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Planetary-scale tropospheric systems
Rev. 16b — page content was last changed August 11, 2009
consequent to editing and image enhancing by RA-Aus member Dave Gardiner www.redlettuce.com.au
Planetary-scale systems are atmospheric phenomena that last from several days to weeks, and extend over several thousand kilometres.
As the Earth rotates at a constant rate and the winds continue, the transfer of momentum between Earth–atmosphere–Earth must be in balance and the angular velocity of the system maintained. (The atmosphere is rotating in the same direction as the Earth but westerly winds move faster and easterly winds move slower than the Earth's surface. Remember, winds are identified by the direction they are coming from not heading to!)
The broad and very deep band of fast-moving westerlies in the westerly wind belt, centred around 45°S (but interrupted at intervals by small, migrating lows moving east — not shown in the diagram above) lose momentum to the ocean through surface friction, resulting in the Southern Ocean's west wind drift surface current. The equatorial easterlies or trade winds and, to a lesser extent the polar easterlies, gain momentum from the Earth's surface. That gain in momentum is transferred, to maintain the westerlies, via large atmospheric eddies and waves — the sub-tropical high and the sub-polar low belts.
These eddies and waves are also part of the mechanism by which excess insolation heat energy is transferred from the low to higher latitudes.
Globally, the equatorial low pressure trough is situated at about 5°S during January and about 10°N during July. Over the Pacific Ocean the trough does not shift very far from that average position — but due to differential heating it moves considerably further north and south over continental land masses. In Australia the trough will sometimes approach Alice Springs — latitude 23°S in the hot centre of the continent. The average summer msl pressure chart shows the position of the three most intense low pressure areas of the trough over South America, Africa and Australia/Papua-New Guinea.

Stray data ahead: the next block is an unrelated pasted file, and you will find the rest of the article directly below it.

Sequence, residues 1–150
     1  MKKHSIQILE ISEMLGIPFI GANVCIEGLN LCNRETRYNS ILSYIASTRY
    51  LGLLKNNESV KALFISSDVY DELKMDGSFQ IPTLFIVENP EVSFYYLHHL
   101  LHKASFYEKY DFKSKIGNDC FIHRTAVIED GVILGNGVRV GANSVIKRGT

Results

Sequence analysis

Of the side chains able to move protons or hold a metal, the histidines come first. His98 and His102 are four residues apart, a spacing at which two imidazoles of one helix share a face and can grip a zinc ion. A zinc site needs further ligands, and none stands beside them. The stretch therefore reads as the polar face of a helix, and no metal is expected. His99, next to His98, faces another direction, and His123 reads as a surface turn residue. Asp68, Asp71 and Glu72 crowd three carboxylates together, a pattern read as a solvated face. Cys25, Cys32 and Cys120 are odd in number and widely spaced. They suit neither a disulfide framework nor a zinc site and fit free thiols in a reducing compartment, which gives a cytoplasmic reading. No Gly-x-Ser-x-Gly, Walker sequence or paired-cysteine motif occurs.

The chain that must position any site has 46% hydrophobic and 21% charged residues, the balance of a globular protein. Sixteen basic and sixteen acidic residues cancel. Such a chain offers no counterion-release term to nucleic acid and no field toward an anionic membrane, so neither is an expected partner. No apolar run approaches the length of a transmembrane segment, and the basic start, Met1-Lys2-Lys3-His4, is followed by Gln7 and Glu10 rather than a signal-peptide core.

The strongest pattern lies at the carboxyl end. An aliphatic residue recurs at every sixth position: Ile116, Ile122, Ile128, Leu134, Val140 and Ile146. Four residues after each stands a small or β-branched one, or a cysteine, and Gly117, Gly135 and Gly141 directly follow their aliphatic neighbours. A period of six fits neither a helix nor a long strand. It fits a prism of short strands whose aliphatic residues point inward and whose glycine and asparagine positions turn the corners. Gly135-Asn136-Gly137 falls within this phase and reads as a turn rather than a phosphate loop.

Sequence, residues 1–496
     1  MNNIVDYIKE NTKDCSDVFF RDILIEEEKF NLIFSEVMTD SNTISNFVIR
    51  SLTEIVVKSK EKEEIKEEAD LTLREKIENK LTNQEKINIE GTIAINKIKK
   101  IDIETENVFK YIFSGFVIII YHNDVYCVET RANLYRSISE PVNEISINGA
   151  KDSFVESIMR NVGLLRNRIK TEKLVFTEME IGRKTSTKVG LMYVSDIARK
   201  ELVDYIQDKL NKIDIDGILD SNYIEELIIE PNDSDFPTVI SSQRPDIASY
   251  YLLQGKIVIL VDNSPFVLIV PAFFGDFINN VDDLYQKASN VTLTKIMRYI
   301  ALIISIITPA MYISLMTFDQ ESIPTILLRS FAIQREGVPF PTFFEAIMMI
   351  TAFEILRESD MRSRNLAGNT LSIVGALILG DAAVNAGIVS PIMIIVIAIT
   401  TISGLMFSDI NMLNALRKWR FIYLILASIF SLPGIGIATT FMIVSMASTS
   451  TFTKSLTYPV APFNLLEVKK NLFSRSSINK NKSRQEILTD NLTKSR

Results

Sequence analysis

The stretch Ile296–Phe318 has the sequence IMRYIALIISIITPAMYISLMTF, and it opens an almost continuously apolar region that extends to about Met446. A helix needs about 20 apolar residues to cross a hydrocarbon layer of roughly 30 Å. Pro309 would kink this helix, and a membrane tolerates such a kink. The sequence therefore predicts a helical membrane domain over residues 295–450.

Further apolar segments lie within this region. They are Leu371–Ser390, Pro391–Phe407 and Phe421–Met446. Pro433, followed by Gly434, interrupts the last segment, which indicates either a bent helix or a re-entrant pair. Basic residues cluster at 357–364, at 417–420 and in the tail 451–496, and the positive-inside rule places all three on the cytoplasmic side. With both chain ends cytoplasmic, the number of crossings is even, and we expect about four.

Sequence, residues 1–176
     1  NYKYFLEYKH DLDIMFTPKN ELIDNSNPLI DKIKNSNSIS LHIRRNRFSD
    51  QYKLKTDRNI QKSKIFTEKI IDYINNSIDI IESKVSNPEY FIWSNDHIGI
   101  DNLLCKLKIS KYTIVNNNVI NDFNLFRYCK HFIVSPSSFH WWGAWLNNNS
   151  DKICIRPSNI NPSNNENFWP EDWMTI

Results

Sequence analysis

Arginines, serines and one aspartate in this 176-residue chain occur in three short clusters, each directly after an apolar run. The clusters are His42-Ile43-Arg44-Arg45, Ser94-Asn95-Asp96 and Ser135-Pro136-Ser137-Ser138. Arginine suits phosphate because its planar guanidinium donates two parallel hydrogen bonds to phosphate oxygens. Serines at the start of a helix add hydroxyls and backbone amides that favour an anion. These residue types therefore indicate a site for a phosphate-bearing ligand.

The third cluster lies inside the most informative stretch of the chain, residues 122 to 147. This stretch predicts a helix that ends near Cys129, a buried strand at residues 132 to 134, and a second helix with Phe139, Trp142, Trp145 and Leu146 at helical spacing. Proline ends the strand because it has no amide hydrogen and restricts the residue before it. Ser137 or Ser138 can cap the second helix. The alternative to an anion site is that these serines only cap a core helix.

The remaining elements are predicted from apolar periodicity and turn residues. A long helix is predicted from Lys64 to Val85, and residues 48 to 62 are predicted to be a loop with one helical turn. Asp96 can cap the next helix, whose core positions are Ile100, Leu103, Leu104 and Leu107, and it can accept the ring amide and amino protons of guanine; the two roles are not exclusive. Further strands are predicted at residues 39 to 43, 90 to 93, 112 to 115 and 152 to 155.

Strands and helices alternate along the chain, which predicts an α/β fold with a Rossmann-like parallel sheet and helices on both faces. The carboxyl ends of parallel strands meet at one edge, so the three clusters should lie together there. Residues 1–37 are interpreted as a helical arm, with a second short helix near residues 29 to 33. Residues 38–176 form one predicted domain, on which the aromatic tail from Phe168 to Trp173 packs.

The low-level air moving towards the trough from the sub-tropical high belts at about 30°S and 30°N is deflected by Coriolis, and forms the south-east and north-east trade winds. Coriolis effect deflects air moving towards the equator to the west and air moving away from the equator to the east. Thus, when the north-east trade winds cross the equator in the southern summer, they turn to become the north-west monsoon which brings the 'Wet' to northern Australia.
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The trade winds converging at a high angle at the equatorial trough, the 'doldrums', form the intertropical convergence zone [ITCZ]. The air in the trade wind belts is forced to rise in the ITCZ and large quantities of latent heat are released as the warm, moist, maritime air cools to its condensation temperature. About half the sensible heat transported within the atmosphere originates in the 0–10°N belt, and most of this sensible heat is released by condensation in the towering cumulus rising within the ITCZ.